Despite coming off of the bench once again in Golden State, there is something different about his role on the team this season. Not only is Jack playing a significant amount of minutes on a nightly basis -- and at times, playing crunch time minutes next to Stephen Curry -- he is in position, for the first time in his career, to play on a playoff team.
A part of Jack's success thus far this season has been his ability to mesh with head coach and former All-Star point guard Mark Jackson.
"It's been great. [he is] A former point guard, a guy who's not too far removed from the game himself. Me and him think [alike] a lot," Jack said. "When I come to him with an idea or he says an idea, we [are] kind of thinking the same thing a lot of the time and that's really good, especially when you have to be an extension of him on the floor."
Jackson has had an impact on this team, but his contributions are far from the only factor in the Warriors' success this season. According to Jack, the relationship each player has with one another is something that he had not previously experienced in his NBA career.
"I just think the relationship that everyone has 1-through-15 is different," Jack said. "I think everybody has a personable relationship with one another. I've been on other teams as to where these three guys that hang out versus these three guys and these four guys - it's not like that,"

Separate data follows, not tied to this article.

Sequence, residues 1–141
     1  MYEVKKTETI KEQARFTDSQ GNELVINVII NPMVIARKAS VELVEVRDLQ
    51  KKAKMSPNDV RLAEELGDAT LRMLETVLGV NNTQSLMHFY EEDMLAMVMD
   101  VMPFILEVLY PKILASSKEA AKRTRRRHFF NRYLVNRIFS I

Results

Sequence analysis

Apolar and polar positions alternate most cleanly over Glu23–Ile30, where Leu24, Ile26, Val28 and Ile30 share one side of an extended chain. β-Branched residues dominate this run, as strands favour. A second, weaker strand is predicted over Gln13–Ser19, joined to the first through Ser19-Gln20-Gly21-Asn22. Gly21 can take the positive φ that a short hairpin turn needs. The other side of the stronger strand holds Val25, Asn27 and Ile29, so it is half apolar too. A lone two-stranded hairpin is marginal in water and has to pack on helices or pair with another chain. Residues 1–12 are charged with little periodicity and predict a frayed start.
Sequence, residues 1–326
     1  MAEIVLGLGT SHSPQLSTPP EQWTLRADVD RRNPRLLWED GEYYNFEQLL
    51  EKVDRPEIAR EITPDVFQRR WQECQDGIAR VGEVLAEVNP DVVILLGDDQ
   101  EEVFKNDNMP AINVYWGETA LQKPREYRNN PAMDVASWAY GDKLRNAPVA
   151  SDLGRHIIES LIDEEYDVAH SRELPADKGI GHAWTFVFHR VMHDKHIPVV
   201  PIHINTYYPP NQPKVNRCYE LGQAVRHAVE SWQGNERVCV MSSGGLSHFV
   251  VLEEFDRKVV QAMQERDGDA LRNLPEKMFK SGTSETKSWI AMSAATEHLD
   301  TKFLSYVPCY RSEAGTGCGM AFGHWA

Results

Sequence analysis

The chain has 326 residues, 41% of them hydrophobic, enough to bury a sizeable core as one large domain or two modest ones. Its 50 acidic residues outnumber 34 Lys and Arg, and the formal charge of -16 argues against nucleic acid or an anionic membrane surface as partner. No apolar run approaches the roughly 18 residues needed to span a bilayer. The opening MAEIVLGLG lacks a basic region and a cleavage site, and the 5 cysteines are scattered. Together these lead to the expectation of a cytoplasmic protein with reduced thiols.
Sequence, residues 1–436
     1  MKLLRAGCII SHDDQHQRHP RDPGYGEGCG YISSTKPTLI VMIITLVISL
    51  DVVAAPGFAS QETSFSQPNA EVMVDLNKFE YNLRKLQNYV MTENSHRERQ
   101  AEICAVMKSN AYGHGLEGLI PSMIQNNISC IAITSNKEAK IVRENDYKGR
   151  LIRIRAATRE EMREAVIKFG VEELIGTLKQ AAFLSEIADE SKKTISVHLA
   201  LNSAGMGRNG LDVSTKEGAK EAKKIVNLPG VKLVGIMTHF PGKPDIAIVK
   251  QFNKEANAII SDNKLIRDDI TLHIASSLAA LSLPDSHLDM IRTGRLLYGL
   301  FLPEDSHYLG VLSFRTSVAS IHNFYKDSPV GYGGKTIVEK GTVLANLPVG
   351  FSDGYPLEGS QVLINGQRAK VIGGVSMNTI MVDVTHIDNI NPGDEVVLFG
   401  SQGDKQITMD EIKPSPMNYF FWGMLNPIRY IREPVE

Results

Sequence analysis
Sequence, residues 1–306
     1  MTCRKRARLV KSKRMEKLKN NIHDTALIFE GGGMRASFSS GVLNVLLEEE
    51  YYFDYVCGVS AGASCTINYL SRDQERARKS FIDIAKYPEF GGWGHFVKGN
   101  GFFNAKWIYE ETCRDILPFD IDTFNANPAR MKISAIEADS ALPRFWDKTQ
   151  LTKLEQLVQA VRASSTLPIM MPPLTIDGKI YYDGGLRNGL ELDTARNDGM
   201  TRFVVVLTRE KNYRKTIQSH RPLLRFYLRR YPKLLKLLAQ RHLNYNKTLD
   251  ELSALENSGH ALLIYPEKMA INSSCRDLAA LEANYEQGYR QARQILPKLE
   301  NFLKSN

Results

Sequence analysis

"We really have a collective unit; we have a camaraderie that you can't fake at all. And it's just something that's authentic and I think when you're playing with one of your friends or a guy you see as your friend or you care about, you tend to go that extra mile for him when you're on the court."
That camaraderie that Jack spoke of is unmistakable when watching the Warriors play. Aside from their ability to run to and shoot on the offensive end of the floor, the 2012-2013 incarnation of the Warriors has been characterized by hard work and the ability of their reserves to step in play bigger roles when necessary.
This is an aspect of the team that Jack has played a major role in. He is averaging 13 points and 5.8 assists in less than 29 minutes per game this season and has started on four separate occasions, filling in for an injured Stephan Curry.
"It's not a situation I'm foreign to," said Jack. "I've been in it plenty of times before, so I just try to be ready when my number is called and just try to be thrive in that role."
Call Jack a journeyman if you like, but that moniker is a reflection of his ability to establish himself as a player that can help any team regardless of the role he plays. This season, he has done just that - accepting his role as reserve and thriving in it for a team that has the potential to make some noise in the Western Conference playoffs.
For Jack, this is business as usual. This time though, because of the team's success, people are starting to take notice.